Monday, March 1, 2010

The Science of Happiness

I recently attended a workshop conducted by Christopher Maxwell entitled, Building on Your Strengths: Lessons from Positive Psychology. I’ll be honest; I entered this workshop with skepticism. How can positive psychology be a field? Is it really scientifically based? It seems so, well, soft.
Well, as I learned in this workshop, Positive Psychology continually fights a stigma of being the “happy field” and its founder, Martin Seligman, points out that the practice is evidence-based, meaning that interventions have been scientifically tested to see what works. (Raymond wrote about evidence based therapy here). 

And positive psychology is more than just the study of happiness. The Positive Psychology Center at the University of Pennsylvania defines positive psychology as the scientific study of the strengths and virtues that enable individuals and communities to thrive. As I listened to this definition, I realized that I may have misjudged positive psychology. But I thought to myself, what about negative emotions and stress—how does this fit into positive psychology?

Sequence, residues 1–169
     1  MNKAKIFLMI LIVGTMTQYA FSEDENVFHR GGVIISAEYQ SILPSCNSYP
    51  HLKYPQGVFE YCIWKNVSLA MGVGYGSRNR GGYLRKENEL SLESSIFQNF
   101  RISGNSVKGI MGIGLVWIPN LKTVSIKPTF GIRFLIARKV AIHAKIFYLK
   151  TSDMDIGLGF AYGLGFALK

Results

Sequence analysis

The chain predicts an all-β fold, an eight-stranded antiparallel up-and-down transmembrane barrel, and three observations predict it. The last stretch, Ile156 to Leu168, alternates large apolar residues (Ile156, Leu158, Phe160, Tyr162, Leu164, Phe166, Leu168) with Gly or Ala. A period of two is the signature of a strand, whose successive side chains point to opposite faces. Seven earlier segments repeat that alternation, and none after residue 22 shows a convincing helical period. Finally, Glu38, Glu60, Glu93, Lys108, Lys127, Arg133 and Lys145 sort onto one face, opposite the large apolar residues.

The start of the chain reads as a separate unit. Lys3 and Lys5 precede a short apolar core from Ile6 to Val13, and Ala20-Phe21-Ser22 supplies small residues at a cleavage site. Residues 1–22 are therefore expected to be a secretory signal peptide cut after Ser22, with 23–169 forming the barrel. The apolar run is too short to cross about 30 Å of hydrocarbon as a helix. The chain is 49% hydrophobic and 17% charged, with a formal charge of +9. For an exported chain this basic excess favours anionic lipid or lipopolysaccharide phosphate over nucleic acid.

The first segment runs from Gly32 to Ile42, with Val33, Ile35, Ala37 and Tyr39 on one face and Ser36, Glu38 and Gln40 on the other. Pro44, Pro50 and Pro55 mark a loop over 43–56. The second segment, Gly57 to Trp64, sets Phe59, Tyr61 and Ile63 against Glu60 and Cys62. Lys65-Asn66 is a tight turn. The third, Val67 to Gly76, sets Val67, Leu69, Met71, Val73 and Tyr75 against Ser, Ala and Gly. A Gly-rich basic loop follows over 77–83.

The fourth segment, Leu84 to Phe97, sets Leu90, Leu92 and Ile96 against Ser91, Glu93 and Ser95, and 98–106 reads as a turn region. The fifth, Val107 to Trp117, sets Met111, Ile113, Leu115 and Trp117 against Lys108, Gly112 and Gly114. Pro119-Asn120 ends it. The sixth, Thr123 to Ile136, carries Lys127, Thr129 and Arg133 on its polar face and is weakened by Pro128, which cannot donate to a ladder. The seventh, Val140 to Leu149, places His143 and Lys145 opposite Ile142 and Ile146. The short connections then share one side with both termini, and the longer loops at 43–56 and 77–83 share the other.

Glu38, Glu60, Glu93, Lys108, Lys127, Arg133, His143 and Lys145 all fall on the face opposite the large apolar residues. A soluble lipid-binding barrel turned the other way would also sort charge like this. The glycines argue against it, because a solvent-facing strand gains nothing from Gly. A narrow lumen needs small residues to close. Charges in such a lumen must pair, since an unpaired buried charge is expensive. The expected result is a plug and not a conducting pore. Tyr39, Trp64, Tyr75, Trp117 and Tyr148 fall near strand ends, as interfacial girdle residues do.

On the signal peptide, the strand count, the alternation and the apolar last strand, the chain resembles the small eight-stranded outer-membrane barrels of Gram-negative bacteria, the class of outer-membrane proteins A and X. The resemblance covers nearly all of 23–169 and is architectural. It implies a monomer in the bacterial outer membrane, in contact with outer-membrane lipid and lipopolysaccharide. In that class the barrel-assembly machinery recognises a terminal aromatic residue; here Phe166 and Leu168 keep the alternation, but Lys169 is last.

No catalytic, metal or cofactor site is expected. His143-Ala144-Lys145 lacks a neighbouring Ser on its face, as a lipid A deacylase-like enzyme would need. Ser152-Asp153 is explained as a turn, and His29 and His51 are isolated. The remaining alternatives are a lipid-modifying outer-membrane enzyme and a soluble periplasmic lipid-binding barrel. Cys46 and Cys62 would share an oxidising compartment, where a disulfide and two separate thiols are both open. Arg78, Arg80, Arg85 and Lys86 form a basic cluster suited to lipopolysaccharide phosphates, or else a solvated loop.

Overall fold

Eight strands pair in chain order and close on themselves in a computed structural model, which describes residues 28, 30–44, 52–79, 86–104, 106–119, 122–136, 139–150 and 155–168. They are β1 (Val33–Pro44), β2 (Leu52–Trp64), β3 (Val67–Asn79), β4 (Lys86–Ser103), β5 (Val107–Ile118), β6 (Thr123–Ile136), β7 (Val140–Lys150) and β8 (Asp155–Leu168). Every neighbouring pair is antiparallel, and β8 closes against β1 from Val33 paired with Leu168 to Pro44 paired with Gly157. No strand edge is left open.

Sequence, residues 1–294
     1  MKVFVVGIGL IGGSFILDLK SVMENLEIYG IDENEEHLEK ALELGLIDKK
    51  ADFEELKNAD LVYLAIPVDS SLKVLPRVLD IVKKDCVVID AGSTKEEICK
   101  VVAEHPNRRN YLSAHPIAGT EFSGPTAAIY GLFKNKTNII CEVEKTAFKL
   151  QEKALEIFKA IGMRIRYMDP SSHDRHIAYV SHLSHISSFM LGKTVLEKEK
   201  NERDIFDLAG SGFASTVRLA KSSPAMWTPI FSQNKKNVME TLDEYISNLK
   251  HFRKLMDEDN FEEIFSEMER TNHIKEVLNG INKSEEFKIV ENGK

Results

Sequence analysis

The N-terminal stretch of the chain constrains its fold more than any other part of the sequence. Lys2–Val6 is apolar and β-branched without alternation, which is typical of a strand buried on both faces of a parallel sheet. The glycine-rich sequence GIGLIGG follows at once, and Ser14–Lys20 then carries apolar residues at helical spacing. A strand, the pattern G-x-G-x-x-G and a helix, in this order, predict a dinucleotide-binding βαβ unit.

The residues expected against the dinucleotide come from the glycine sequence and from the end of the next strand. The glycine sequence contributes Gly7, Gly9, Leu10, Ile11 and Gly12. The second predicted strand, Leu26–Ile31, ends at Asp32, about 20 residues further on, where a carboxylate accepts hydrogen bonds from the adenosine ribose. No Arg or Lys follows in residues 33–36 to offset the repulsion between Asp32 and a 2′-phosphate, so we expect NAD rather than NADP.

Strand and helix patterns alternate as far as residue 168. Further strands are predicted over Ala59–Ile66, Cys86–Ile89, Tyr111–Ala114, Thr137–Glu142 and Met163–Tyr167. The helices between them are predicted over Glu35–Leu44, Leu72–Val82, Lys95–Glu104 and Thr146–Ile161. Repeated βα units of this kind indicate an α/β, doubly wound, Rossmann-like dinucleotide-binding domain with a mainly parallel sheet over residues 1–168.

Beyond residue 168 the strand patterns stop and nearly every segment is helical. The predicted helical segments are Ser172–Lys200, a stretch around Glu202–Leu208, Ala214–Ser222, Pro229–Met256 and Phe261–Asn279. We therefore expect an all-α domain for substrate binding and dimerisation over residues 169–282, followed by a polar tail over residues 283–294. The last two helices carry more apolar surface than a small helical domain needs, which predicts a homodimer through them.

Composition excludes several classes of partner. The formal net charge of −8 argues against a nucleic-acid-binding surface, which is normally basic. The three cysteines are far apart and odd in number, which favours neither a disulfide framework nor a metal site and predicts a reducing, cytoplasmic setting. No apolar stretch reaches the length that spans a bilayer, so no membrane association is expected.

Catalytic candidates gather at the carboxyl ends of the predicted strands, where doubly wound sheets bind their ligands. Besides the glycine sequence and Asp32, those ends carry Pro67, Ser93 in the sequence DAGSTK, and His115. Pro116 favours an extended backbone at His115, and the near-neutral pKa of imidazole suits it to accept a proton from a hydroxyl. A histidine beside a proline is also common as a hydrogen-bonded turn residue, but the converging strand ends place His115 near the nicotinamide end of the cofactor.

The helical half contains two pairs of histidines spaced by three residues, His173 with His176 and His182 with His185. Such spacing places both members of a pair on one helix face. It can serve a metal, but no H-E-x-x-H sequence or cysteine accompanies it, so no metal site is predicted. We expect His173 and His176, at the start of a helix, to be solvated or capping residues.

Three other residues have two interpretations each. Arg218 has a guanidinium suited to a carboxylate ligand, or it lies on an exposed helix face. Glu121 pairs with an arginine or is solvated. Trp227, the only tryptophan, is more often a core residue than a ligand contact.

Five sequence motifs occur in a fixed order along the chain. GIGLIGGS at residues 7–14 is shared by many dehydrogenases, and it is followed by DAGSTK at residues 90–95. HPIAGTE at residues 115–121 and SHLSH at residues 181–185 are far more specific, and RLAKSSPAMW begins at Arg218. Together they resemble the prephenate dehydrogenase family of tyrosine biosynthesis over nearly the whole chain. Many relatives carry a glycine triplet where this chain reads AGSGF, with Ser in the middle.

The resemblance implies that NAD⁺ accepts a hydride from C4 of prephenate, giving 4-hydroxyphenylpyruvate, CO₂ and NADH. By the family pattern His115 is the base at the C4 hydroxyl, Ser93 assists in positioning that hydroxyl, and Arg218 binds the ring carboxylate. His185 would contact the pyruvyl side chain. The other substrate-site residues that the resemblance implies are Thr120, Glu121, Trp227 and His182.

Dr. Maxwell must have read my mind because he then talked about how negative emotions promote survival and help us focus. The most interesting part of the workshop was the discussion and research on character strengths, which I’ll talk about in a later post. Positive psychology builds on character strengths to promote well-being.

After attending this workshop, I am intrigued by the positive psychology field. I left thinking that positive psychology is more than just the art of being happy. There is a science to happiness and understanding the impact of positive emotions, traits and institutions can lead to more balance in individuals and communities.

What are your thoughts on positive psychology? What do you do to keep your life positive?

Resources:Seligman and his colleagues reported on the empirical progress of positive psychology interventions in this article from 2005.
Authentic Happiness: learn more about Dr. Seligman's work



  1. Great post, Lisa!

    Reminds me of this TED video:


  2. As I listened to this definition, I realized that I may have misjudged positive psychology.

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